To make sure that construction sites within municipal jurisdictions do not cause harm to receiving waters, some cities and counties have created wet-weather plans for sites that continue construction through the rainy months. In addition, some municipalities have shut down construction during the wetter months. This has created hardships for developers and contractors in terms of completing projects prior to buttoning up for the winter, as well as carrying the potential lost revenue and paying the taxes and interest on an uncompleted site.
Other cities have implemented a performance bond system in which the contractor must pay a certain fee prior to working through the wet months. If their site stays in compliance with water quality parameters, they get a refund; if their site is in violation of established water quality standards, they lose the deposit and have to pay the deposit again to continue to work.
Finally, there are other municipalities that establish a new water quality benchmark for wet months altogether. These benchmarks may require the use of advanced treatment technologies. Those municipalities are leaving it up to the contractor or developer to decide whether shutting down the site for the winter is more economical than implementing an advanced treatment technology that can meet the new strict water quality discharge standards.
Ecology’s requirement for a Certified Erosion and Sediment Control Lead (CESCL) to be designated for any site disturbing one acre or more is also being used by some municipalities to aid in compliance monitoring. A few jurisdictions have required that the CESCL inspector be from a third party and submit the results both to the contractor and the governing municipality.
Municipalities are also discussing the idea of deputizing their stormwater inspection force. This is already happening in British Columbia and Oregon and is sure to catch on in Washington in the near future. Inspectors will visit both construction and industrial sites with the legal authority to come on the site to investigate water quality issues. If the site is found in violation of standards, the inspector will have the ability to write a ticket on the spot, without having to go through the rigors of enforcing civil penalties under the Clean Water Act. In some cases, they may even take criminal action against egregious violators.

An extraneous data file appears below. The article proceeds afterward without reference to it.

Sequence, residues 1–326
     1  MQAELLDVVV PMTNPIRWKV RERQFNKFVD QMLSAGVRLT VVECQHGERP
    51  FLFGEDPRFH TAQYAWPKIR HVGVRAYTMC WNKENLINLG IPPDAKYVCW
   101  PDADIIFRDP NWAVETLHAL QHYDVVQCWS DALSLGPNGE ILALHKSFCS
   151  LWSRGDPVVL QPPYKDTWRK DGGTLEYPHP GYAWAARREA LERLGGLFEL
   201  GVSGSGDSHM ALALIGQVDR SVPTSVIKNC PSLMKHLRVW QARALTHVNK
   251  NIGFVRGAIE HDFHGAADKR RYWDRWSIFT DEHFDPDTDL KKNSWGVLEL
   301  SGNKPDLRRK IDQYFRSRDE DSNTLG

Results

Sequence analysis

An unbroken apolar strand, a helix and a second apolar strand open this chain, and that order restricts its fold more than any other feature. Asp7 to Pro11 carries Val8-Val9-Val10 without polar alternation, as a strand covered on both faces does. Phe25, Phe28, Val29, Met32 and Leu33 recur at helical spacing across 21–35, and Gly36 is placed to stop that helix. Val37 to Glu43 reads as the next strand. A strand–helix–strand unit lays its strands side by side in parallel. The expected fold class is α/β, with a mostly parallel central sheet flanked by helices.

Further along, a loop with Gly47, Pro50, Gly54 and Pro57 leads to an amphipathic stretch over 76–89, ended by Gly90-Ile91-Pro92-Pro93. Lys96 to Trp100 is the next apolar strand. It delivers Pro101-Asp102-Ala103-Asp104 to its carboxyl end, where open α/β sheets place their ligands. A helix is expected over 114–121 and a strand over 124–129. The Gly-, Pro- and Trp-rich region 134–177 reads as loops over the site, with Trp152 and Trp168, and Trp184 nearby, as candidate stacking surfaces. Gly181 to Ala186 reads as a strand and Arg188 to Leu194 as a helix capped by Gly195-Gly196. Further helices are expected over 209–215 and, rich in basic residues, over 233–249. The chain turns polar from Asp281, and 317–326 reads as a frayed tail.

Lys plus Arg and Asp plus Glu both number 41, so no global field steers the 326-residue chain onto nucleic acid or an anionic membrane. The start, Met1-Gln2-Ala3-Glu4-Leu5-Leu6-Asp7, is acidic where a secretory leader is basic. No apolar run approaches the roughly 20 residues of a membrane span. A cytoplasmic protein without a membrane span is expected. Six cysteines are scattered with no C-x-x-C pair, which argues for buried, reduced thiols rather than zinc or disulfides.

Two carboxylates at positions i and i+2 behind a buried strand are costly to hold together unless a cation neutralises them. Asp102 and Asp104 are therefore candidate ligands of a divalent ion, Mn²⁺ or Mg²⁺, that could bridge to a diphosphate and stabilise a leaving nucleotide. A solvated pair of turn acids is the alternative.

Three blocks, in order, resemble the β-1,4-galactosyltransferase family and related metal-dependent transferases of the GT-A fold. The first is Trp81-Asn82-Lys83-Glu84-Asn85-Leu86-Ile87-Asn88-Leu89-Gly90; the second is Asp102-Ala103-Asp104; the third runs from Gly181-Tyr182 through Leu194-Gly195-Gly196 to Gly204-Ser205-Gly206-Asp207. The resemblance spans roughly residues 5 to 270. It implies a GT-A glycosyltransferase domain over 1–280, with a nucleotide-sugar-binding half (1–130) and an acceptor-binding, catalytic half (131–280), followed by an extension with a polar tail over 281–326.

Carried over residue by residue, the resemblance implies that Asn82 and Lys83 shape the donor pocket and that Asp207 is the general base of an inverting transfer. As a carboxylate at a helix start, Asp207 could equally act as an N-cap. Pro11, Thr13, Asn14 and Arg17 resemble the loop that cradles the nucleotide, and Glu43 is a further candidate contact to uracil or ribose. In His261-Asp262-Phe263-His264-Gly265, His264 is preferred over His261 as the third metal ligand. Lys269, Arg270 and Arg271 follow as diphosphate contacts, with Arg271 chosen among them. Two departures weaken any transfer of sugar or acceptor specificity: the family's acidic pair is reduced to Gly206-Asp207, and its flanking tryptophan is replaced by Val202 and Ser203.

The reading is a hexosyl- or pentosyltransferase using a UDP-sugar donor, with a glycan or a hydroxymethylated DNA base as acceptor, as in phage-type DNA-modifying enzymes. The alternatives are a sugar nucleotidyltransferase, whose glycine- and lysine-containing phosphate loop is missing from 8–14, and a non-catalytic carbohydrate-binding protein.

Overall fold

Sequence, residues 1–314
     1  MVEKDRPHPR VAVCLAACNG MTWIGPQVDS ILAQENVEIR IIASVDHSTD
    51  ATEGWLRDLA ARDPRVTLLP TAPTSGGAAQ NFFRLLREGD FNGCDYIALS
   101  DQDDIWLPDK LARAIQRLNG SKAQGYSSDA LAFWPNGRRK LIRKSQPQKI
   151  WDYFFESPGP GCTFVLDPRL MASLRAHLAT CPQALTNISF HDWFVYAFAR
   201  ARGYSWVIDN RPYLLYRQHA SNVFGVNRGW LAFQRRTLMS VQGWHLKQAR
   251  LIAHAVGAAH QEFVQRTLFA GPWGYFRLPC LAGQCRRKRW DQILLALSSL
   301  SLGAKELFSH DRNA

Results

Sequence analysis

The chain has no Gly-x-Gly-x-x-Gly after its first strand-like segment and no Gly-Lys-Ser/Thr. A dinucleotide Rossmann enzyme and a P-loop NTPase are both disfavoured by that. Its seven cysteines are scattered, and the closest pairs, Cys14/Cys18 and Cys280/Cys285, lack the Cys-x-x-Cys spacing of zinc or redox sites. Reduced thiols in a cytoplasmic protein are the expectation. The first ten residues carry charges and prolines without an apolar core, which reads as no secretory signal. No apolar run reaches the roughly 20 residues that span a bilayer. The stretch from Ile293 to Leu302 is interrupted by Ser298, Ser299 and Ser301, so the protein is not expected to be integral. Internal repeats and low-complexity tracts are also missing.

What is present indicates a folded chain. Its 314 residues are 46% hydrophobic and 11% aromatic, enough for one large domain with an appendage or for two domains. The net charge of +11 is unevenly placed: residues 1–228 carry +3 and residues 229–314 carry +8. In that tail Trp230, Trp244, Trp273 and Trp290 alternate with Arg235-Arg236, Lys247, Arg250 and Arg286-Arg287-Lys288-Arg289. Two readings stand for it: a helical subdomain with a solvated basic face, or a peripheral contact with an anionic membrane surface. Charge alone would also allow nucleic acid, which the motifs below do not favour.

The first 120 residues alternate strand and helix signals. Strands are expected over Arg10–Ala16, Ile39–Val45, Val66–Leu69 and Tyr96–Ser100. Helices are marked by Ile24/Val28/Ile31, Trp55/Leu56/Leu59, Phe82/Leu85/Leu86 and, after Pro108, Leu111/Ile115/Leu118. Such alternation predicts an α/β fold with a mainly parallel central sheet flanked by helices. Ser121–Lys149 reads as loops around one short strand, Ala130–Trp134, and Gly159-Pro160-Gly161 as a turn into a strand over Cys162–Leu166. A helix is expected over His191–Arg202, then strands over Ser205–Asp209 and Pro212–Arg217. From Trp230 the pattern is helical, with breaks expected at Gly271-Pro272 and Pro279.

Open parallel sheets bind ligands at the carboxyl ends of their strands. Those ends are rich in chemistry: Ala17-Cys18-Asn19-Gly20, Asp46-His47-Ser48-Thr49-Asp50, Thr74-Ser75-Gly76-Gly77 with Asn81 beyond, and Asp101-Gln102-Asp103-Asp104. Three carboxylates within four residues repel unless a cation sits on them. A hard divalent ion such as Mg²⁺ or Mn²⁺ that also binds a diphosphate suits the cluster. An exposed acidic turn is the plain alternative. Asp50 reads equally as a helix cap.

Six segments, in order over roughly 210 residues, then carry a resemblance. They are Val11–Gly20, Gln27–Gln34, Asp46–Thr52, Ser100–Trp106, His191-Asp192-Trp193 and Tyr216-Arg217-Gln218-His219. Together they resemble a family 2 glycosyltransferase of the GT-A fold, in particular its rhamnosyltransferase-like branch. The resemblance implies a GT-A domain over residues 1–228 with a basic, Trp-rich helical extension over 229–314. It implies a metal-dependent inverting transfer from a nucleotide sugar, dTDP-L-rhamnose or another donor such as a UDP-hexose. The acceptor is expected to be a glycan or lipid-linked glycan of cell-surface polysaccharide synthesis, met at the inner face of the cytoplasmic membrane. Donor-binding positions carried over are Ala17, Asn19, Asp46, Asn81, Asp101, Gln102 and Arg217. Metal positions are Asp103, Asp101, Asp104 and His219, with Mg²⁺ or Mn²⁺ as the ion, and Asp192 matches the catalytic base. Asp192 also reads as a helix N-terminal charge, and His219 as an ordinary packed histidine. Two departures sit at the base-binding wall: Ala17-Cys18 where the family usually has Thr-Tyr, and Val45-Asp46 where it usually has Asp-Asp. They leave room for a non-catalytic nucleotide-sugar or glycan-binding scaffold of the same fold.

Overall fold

There are several municipalities that are very focused on maintenance. They are placing a greater emphasis on local business and property owners to maintain their sites and routinely clean their conveyance systems, so the load to the overall municipal system is reduced. Maintenance of stormwater systems does not only affect construction sites and business, but it affects every citizen in terms of taxes to develop and maintain stormwater programs.
Stormwater controls and regulations are not going to diminish. The EPA is discussing changes to the construction NPDES program. Ecology just recently required changes to WSDOT’s permit which will cause it to enhance and expand its program.
As we edge ever closer to the final decisions before the pollution controls hearing boards of the Municipal NPDES permit in Washington, be assured that when dealing with stormwater issues, you will need to do your homework. Each jurisdiction may govern their water quality issues differently and what worked for you here, may not work for you five miles down the road.